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There are a few flat beats; just a few. No one is quite sure what to do with Penny Johnson Jerald, the new captain. She is more threatening than Montgomery and she doesn’t get along with Castle. It is an interesting, different take on the role of Police Chief. However, it does mean that she cannot be involved as closely with the group as Montgomery could. She is little more than a background figure here, playing the same role she had much more fun with in 24. The show also re-treads old ground. We are still treated to episodes where Beckett or Castle’s eyes would wander and the jealous snipes from the opposite party is beginning to get tiring. The stars handle it well though, squeezing enjoyment out of it yet. In many ways, it feels more fitting here, as Castle begins to get bored of waiting of Beckett, but it is essentially a story we have heard so many times before. There is also one beat that is brushed quickly under the carpet, where it turns out Castle’s family has a dark past. It feels like another clichéd story arc coming into play, maybe to replace the Beckett story, but I will give that line of plot time to develop, before criticising it too much.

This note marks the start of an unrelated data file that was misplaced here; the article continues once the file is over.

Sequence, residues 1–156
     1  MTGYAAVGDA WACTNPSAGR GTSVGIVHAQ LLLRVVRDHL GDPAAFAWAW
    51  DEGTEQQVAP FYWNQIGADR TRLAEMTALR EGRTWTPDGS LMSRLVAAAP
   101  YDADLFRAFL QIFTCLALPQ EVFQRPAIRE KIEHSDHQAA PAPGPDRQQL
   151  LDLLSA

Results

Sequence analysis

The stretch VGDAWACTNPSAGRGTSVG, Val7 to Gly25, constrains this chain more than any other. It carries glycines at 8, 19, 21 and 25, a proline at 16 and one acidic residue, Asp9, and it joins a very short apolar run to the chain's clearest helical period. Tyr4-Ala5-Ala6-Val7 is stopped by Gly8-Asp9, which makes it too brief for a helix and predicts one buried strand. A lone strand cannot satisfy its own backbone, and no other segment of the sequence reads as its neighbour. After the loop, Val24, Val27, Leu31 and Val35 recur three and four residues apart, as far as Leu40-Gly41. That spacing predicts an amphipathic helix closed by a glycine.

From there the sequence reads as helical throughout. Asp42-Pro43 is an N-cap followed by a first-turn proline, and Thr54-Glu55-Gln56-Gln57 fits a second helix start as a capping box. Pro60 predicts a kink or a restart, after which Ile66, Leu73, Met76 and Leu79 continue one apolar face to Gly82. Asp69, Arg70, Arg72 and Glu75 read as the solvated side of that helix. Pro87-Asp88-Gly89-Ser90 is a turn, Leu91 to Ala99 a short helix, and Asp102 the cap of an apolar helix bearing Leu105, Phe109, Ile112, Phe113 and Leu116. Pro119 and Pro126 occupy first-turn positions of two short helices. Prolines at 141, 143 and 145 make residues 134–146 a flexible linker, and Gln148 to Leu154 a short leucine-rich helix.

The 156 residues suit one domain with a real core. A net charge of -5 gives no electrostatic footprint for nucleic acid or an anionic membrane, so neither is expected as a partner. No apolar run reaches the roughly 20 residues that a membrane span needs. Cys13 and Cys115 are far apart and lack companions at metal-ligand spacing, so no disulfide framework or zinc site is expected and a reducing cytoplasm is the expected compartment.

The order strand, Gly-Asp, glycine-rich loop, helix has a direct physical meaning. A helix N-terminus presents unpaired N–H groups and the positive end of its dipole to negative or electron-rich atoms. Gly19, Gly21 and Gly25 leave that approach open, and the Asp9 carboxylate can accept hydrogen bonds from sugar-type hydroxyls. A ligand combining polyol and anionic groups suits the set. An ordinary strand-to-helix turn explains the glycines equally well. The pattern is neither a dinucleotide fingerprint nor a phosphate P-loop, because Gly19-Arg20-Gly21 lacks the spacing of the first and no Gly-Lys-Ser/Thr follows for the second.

Holding the show together are the characters of Castle and Beckett. They have grown so much since Season One and I am loving the journey. Beckett’s character benefits from the ‘mother’s murder case’ card being played less. She gets to remain fairly light-hearted up until the finale. And then her character gets serious and it is so much more satisfying. I like how she is essentially the hero figure we love from these cop shows, but it is taken to such extremes, we stop sympathising with her character. Like Castle, we see Beckett as this self-destructive force. We love her character and her determination, but at the same time, we can see that her mind is clouded, which makes the finale so unpredictable. It is a great way to send off the show. Castle is less three-dimensional, but there is something enjoyable about his ‘what you see is what you get’ charm. Fillion needs to work to make the same arc work for so long, but he manages it, coming across as more pathetically in love than ever. His character is so funny, charming and sincere that it truly is impossible to hate both the actor and character.

Final Verdict: Castle is more enjoyable than ever, the relationship between the two leads sparking more than ever, and the show finding new ways to stay fresh and exciting.

Four Stars